By Starrla Cray
HOWARD LAKE, MN John “Chub” Horsch, Myron Lahr, Troy Sjaaheim, and Jarrin Vogel are a few of the many sportsmen with a fishhouse on Howard Lake this year.
The ice is about 20 inches thick, and people are driving vehicles on the lake.
“I’d say our ice conditions are quite favorable,” said Vogel, who moved to Howard Lake last February.
Vogel was the first to have a fishhouse on Howard Lake this year. He caught a walleye the first day, but hasn’t had very good luck since then.
“It’s been slow this year,” Sjaaheim said. “We can’t even catch a northern around here.”
Horsch said he caught one northern a few weeks ago, but most of what he’s seen is perch.
“I got eight perch last night,” Sjaaheim said.
Despite slow catching, ice fishing enthusiasts are still enjoying their time on the lake.
Sjaaheim and Vogel said they listen to the radio and watch movies on a portable DVD player.
“We used to be able to watch football games out here, before the switch to digital TV,” Sjaaheim said.
One fisherman on Howard Lake even has a satellite dish hooked up to his fishhouse, Sjaaheim said.
Some people think ice fishing is cold, but according to Sjaaheim, “if you’re cold, you’re not doing it right.”
With a little portable heater, the fishhouse gets plenty warm, Vogel said.
“We wear T-shirts in here,” he said.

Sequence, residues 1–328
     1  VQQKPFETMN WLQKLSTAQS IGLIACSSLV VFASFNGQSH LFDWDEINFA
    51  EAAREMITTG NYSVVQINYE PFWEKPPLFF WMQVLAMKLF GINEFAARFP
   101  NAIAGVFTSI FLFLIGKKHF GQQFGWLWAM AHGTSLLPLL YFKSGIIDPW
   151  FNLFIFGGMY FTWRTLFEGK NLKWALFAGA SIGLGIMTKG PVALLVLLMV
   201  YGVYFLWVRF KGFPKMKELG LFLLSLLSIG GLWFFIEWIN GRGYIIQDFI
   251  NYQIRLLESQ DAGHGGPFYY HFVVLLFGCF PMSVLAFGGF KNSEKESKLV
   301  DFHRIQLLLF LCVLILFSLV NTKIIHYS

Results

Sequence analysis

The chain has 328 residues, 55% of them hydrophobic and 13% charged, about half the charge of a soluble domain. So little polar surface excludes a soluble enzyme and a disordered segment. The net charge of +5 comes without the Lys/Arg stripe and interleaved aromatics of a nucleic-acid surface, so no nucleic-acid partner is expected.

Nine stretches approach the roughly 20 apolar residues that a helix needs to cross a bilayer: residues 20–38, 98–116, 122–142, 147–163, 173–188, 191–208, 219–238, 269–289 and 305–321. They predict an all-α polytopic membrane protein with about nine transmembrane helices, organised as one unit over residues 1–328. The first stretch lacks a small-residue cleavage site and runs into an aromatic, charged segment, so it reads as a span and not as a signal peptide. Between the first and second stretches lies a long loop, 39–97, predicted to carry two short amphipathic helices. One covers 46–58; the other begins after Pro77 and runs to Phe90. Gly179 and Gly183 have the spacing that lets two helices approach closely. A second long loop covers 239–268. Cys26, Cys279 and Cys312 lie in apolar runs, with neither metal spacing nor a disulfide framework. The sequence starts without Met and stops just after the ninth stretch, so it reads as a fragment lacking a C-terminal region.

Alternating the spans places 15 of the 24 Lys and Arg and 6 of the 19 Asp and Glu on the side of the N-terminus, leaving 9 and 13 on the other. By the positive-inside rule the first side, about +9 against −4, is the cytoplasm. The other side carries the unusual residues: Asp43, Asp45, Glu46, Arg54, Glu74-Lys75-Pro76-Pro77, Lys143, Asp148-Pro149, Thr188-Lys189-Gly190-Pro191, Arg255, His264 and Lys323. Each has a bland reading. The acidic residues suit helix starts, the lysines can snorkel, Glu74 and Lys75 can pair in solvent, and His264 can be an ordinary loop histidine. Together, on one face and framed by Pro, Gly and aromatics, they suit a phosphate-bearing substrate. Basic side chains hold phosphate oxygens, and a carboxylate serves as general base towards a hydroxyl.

Sjaaheim, who has a lifetime angler license, likes to fish every year.
The heavy snow in late December caused many people to pull their houses to shore, Horsch said. The weight of the snow pushes the houses down, and water comes up underneath. If that happens, the houses can get frozen in, he explained.
Lahr is one fisherman who had to pull his house to shore. He purchased a new 12-foot fishhouse last month, but hasn’t been able to use it as much as he’d like.
“He saves up his vacation time every year to go spearfishing,” his wife, Lucy, said. Lahr caught two northerns when he went out in December, but the snow has been keeping him off the lake recently.
Lahr has been spearfishing since 1966.
“There aren’t many people left who do that,” said Horsch, another long-time spearfisher.
“When I was a kid, my dad and uncles had fishhouses on the north end of Howard Lake,” said Horsch, who graduated from Howard Lake High School in 1957.
Now, many people have large fishhouses, but Horsch has stuck to a smaller one.
“Fifty, 60 years ago, there were a lot of little houses out here,” Horsch said. “Back in those days, they were all small ones.”
Horsch lives less than a mile away from his fishhouse, and he goes out every day to clear the ice from his spearfishing hole. Each day, the water freezes to form about an inch of ice.
“I missed a day over New Year’s because I went skiing, and there was over 3 inches,” he said.